Basketball: Pledger to pick Bogut's brain

By Kris Shannon

Breakers and Tall Blacks centre Alex Pledger is set to spend another off-season improving his game by learning from Australia's best. Photo / Getty Images.
Breakers and Tall Blacks centre Alex Pledger is set to spend another off-season improving his game by learning from Australia's best. Photo / Getty Images.

Breakers and Tall Blacks centre Alex Pledger is set to spend another off-season improving his game by learning from Australia's best.

After working with three-time NBA champion Luc Longley in 2012, Pledger will next month head across the ditch to enjoy tutelage from former NBA No 1 draft pick Andrew Bogut.

While Longley, at 43, was long retired when Pledger picked his brain, Bogut is coming off perhaps his best season in the world's premier basketball league. The 28-year-old centre played an integral role as his Golden State Warriors made an unlikely run to the western conference semifinals before being beaten by San Antonio.

Bogut capped off a resurgent regular season, in which he established himself in the top tier of centres in the league, by being the leading rebounder in three of the six games against the Spurs.

And with his game set for bigger and better things, Pledger has been granted the rare privilege of being able to bang bodies against someone who knows the intricacies of the centre position better than most.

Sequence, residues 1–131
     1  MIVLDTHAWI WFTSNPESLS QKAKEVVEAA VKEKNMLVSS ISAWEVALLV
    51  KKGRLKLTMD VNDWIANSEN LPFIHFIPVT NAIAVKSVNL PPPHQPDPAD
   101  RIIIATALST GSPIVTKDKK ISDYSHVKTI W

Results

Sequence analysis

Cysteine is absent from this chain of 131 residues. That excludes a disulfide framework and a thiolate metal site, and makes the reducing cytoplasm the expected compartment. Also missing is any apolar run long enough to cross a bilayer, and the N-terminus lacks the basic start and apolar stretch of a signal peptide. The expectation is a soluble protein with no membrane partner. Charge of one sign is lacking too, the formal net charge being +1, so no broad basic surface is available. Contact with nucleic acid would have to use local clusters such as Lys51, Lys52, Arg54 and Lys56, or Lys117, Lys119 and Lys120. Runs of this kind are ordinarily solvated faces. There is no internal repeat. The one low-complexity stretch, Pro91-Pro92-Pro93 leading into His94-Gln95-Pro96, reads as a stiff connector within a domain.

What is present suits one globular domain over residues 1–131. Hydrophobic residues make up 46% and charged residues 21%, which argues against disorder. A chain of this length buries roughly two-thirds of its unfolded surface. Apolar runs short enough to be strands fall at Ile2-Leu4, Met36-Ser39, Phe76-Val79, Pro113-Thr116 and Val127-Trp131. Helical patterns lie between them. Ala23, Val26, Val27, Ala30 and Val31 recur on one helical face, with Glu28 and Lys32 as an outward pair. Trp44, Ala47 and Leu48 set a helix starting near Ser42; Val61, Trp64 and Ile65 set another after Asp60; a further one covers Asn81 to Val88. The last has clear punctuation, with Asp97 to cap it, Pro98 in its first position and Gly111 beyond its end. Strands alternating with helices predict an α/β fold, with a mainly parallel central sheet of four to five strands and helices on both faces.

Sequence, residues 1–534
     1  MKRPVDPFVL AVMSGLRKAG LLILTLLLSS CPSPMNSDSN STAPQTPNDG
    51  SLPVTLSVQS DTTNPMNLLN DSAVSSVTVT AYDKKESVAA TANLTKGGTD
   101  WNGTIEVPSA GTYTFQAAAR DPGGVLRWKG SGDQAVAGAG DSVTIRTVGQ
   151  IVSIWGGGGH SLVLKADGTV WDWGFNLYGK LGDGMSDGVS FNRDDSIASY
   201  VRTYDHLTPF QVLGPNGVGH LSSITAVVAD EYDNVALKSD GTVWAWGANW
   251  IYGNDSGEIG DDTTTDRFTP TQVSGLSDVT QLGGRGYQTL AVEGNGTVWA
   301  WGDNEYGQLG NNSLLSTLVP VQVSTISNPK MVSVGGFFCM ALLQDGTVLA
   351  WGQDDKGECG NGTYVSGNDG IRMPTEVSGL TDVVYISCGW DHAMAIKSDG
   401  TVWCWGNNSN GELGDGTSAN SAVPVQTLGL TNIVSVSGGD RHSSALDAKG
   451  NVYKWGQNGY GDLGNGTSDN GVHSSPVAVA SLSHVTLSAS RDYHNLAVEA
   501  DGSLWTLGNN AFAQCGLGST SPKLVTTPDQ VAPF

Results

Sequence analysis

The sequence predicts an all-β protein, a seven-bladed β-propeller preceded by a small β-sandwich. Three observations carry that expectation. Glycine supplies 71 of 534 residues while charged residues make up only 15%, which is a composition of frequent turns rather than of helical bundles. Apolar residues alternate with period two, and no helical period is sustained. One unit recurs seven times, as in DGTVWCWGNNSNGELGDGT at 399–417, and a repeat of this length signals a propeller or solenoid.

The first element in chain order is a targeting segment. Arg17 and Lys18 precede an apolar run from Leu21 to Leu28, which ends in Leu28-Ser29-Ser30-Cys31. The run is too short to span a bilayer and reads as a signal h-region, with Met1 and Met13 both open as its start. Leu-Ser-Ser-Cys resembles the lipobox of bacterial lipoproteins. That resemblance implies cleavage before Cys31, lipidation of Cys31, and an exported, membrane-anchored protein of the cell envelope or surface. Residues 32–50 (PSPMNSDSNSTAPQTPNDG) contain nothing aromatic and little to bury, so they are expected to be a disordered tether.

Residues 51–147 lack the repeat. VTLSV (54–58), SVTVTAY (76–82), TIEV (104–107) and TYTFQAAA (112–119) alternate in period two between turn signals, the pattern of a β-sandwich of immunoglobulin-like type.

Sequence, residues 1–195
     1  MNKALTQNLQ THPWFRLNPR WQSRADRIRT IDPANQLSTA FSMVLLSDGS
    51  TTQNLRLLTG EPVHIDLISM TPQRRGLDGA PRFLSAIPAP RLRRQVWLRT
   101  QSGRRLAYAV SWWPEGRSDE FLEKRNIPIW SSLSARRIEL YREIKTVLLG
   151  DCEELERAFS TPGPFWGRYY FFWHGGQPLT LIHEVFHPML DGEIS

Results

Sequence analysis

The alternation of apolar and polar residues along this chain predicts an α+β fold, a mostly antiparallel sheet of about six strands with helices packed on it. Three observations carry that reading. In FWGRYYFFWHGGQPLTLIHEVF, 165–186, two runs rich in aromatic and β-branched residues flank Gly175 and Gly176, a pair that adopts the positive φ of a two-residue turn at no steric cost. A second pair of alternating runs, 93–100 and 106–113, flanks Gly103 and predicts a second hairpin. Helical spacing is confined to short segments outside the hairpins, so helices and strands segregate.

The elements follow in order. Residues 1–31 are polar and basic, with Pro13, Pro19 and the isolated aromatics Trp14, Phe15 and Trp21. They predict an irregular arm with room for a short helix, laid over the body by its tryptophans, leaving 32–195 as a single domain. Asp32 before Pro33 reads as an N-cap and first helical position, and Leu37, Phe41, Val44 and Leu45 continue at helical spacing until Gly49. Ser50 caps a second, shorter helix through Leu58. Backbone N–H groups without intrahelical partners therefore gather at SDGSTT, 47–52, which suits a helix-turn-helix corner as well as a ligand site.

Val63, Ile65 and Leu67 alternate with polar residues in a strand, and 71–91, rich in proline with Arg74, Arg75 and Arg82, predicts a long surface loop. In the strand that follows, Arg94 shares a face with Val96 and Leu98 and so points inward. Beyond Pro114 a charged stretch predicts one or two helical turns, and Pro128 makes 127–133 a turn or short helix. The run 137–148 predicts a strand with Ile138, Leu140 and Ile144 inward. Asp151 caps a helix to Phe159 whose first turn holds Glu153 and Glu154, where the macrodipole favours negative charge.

It's all part of the continuing development of Pledger as a big man, a development which will first profit the Tall Blacks at the Oceania Championships in August, before the Breakers reap the benefits in their quest for a fourth successive title.

''[Bogut] is probably rated as a top-five centre in the league right now and he's obviously coming off a pretty good playoff campaign,'' Breakers coach Dean Vickerman said. "And for Alex to go against that level right now, I think he can pick up a lot of knowledge.''

Having clinched their third title, the Breakers sat down with all contracted players to discuss avenues for advancing their individual games. For Pledger, who had just signed for Bogut's management company, that avenue was obvious.

"He's definitely a player in the NBA that I follow,'' Pledger said. "There's not many players in the NBA from this part of the world, so he's definitely someone that I think a lot of us down in Australia and New Zealand keep an eye on to see how his team's going.

"I've played against NBA players before but he's a former No 1 pick and a starter. He's had his injury problems the last year or two but before that he was on the verge of being an All-Star. So that's how you truly compare yourself and find out your true strengths and weaknesses and what you need to work on.''

Pledger leaves for Melbourne on July 9 and will spend four days and four sessions matching up against Bogut. He was unsure of the exact nature of the workouts, given Bogut has recently concluded a gruelling season, but Vickerman was certain of what his charge could learn.

"On the court, Andrew does a great job of body positioning, and I think there's a few techniques that we can pick up,'' Vickerman said. "Andrew's huge into his strength and conditioning, and I think there's some areas there off the court that we can improve Alex on as well. And just understanding what his recovery methods are in the NBA - with 82 games they need to be the best in the world at doing it. So I think there's just a whole range of things we can pick up.''

- APNZ

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